4. The distinction between Greek mathematics and modern mathematical analysis allegedly turns on certain discoveries of properties of infinite series. What this characterization obscures, however, is that we need not think of the problem of number as one of enumeration or, more generally, that the problem of multiplicity be confused with that of a series. The work from Bolzano to Cantor recognized the latter fact with the well-known consequence that there are perfectly good ways to speak of actual infinities. But the mortgage that set theory had to pay—and here the original problem returns—is, broadly speaking, an account of the structure of multiplicity, toward which we cannot remain indifferent and which has both logical and ontological consequences (the former, for example, being an effect of the reflexive problem exposed by Löwenheim-Skolem and the latter simply a consequence of the trivial fact that there is no reflection arrow for the empty set).

The turn toward intuitionism in mathematics, viewed in a certain light, is a return to the problem of Platonism not only in the ontological (Brouwer) but also the epistemological sense, which is the explicit difference in the treatment of number between, for example, Plotinus and Proclus (but which remains a difference in aspect only). The question of number takes place not at the level of unity and multiplicity (one and many) in the order of being(s) but, rather, in the passage from being to non-being where the latter is understood not as the negation of being already counted as one under the category of quantity but as a transcendence of being (i.e., the non-being of the One, for example, is already a double negation: a negation of the first negation of being as nothing). The typical theological mistake has been to conflate Platonic cosmogony/ology with ontology.*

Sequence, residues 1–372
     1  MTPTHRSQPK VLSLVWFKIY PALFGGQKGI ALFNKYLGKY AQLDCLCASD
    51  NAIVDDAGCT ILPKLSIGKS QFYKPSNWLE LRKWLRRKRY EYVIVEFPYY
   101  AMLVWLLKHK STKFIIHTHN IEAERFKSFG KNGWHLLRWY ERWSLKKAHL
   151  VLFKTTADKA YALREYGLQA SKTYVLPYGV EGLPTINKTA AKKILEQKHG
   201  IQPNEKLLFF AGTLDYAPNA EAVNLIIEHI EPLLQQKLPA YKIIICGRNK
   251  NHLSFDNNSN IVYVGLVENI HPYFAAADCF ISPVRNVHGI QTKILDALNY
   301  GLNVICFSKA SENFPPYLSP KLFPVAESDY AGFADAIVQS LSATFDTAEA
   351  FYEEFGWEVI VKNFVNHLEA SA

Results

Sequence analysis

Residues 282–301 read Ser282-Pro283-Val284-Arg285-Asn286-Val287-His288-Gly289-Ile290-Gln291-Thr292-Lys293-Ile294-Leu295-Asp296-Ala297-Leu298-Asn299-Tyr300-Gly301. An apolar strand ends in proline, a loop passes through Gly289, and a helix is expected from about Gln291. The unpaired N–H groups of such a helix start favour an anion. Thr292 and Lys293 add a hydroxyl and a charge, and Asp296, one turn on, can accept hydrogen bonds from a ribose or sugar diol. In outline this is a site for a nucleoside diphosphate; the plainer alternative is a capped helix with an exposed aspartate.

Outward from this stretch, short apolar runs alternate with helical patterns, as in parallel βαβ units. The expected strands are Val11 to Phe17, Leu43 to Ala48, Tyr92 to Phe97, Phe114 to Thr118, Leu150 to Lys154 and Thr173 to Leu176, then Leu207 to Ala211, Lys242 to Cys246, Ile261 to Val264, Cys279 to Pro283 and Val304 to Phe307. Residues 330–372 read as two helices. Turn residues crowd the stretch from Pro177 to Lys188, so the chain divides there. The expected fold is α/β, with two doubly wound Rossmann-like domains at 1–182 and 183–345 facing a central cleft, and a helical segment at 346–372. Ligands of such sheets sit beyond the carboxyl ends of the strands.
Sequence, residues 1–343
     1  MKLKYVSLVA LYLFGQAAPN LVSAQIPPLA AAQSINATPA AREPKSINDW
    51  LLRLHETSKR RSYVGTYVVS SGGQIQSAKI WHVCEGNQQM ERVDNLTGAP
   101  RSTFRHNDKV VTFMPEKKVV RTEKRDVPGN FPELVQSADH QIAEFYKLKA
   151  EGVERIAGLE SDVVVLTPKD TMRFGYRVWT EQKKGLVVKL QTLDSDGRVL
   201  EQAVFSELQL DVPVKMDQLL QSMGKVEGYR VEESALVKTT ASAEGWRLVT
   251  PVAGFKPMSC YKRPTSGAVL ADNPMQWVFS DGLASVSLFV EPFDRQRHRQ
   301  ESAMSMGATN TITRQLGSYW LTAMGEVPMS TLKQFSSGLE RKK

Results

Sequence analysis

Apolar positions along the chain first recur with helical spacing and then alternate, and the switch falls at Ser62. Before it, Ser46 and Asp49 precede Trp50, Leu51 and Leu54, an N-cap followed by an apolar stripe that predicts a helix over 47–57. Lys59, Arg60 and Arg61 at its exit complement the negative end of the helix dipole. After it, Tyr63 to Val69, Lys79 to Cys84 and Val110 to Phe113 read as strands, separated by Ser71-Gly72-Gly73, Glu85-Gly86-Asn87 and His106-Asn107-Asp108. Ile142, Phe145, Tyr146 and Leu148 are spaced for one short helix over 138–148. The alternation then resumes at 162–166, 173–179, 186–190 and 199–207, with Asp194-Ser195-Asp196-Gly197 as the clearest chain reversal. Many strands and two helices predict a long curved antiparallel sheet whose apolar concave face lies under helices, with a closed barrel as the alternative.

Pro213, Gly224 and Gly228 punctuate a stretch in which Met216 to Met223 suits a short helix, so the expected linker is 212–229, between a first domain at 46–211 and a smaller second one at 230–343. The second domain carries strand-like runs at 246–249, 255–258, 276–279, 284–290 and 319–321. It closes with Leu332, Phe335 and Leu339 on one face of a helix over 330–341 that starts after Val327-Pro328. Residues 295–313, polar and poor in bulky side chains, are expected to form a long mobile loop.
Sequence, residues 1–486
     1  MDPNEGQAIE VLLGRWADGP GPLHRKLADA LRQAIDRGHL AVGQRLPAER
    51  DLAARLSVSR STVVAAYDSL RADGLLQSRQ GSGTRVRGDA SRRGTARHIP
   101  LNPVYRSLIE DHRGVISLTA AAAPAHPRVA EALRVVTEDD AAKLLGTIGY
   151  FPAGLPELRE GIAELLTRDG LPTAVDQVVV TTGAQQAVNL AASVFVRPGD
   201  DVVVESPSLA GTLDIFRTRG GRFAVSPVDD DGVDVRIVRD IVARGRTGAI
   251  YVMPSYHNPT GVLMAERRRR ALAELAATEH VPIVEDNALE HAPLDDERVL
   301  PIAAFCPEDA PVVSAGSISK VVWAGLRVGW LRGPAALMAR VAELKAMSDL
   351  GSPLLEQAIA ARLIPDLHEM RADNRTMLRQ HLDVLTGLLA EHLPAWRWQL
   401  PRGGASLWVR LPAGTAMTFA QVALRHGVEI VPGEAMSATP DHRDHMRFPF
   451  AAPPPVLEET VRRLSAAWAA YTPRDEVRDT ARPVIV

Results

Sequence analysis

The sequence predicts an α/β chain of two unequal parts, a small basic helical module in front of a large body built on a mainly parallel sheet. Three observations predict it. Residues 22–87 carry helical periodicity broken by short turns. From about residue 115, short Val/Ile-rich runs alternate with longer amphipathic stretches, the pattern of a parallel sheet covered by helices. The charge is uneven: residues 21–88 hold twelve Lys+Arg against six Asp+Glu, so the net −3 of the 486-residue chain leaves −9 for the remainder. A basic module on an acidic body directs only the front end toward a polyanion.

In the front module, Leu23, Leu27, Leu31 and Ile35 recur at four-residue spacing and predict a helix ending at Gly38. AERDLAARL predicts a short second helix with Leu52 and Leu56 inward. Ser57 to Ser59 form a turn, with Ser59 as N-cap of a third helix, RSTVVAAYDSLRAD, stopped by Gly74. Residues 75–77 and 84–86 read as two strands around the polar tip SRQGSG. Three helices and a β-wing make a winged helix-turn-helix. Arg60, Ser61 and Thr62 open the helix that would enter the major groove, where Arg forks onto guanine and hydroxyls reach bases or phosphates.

*Here Heidegger’s account of onto-theology has severely limited our capacity to understand the terms of anti-Aristotelian metaphysics.

Proclus’ ideal (eidetikos) number or Plotinus’ substantial (ousiodes) number are principles of the intellect understood as the ontological expression of what is prior to being and nothing other than the activity (energeia) of being. Proclus in a sense ‘domesticates’ Plotinus’ account of substantial number in the intelligible by locating it as a sort of category in the soul; but this account nevertheless is supposed to explain how mathematical number is possible within the Platonic account of number as substance against the Aristotelians. The significance of the monad in Platonic metaphysics is that it is the principle not only of the unity but also the limit in being: the monad is not itself (counted-as-)one, which explains how the dyad participates in the monad in different ways (i.e., how the dyad is both clearly discrete and continuous). The persistent mistake of Aristotelianism has been to insist that the difference between number and monad be quantitative and to fails to understand that substantial number does not count substance.